ope

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English[edit]

Etymology[edit]

From Middle English ope (open), shortened form of Middle English open, from Old English open (open). More at open.

Pronunciation[edit]

Adjective[edit]

ope (comparative more ope, superlative most ope)

  1. (now dialectal or poetic) Open. [from 13th c.]
    • 1596, Edmund Spenser, The Faerie Queene, VI.6:
      Arriving there, as did by chaunce befall, / He found the gate wyde ope […].
    • 1819, John Keats, Otho the Great, Act V, Scene V, verses 191-192:
      We are all weary — faint — set ope the doors —
      I will to bed! — To-morrow —
    • Herbert
      On Sunday heaven's gate stands ope.

Verb[edit]

ope (third-person singular simple present opes, present participle oping, simple past and past participle oped)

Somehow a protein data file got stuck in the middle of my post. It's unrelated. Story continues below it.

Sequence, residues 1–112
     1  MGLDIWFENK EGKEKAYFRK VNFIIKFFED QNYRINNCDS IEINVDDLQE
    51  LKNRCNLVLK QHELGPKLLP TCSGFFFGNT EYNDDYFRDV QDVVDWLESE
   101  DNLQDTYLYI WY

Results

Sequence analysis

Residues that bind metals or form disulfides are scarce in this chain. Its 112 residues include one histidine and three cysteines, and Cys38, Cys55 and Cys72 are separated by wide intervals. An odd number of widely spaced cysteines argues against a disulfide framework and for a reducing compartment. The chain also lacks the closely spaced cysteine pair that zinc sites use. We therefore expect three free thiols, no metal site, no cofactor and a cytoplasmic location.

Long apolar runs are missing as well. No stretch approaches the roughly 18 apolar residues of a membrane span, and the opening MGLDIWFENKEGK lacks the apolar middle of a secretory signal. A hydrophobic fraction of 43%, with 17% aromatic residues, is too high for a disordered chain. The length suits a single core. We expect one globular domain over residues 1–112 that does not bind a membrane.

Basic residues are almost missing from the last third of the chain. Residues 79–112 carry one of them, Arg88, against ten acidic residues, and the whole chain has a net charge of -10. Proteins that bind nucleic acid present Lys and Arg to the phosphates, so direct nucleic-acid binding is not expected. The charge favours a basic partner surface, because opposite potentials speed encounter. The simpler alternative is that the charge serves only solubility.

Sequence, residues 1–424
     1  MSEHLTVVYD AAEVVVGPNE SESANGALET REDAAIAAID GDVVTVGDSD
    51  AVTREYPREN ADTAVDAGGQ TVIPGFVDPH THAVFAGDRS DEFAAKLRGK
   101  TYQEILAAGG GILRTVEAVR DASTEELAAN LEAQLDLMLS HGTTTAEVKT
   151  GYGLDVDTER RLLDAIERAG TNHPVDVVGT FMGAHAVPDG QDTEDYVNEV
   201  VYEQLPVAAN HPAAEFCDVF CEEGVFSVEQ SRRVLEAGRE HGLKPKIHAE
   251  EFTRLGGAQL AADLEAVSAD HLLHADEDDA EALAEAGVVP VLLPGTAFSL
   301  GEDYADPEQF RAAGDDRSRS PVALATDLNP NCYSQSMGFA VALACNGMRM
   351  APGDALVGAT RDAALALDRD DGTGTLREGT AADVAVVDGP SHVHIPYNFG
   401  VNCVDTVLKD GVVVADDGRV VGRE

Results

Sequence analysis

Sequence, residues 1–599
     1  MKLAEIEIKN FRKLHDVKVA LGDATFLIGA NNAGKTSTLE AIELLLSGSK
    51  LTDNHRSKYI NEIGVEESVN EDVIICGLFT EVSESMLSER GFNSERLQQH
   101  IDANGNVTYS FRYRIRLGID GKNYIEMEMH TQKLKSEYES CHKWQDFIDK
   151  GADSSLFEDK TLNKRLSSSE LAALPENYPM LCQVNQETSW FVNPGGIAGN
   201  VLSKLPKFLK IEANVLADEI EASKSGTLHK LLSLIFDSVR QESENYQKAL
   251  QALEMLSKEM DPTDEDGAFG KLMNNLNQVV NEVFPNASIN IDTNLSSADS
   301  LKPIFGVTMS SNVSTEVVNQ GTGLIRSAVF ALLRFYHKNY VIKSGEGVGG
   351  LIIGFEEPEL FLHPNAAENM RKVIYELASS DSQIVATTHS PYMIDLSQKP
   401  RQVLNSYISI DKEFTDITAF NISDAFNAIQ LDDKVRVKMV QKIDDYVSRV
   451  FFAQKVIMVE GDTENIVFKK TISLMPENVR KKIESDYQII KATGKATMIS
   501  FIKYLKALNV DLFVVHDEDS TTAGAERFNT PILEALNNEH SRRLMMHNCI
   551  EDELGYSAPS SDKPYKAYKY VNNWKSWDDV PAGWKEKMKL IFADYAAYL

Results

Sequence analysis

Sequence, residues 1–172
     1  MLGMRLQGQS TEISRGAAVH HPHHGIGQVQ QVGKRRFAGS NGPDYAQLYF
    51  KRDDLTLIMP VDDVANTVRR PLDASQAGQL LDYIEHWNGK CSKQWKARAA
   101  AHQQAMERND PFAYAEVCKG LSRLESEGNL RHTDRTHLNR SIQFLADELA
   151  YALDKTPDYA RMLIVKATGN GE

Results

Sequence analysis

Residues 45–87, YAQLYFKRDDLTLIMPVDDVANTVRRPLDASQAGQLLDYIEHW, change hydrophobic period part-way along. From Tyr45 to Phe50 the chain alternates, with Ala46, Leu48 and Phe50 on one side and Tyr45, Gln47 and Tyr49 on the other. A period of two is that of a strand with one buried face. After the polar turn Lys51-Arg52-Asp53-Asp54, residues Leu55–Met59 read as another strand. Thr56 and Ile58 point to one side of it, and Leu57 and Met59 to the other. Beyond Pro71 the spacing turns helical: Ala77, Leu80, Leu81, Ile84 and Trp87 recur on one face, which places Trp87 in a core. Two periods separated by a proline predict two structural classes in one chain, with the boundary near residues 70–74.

1. (archaic) To open.
    • 1611, William Shakespeare, The Tempest, Act I, scene II :
      The hour's now come, the very minute bids thee ope thine ear; obey and be attentive.

Anagrams[edit]


Finnish[edit]

(index op)

Etymology[edit]

Shortened form of opettaja.

Pronunciation[edit]

  • IPA(key): /ˈope/
  • Hyphenation: o‧pe

Noun[edit]

ope

  1. (school, colloquial) teacher

Declension[edit]

Synonyms[edit]


Latin[edit]

Noun[edit]

ope

  1. ablative singular of ops

Norwegian Nynorsk[edit]

Adjective[edit]

ope

  1. neuter form of open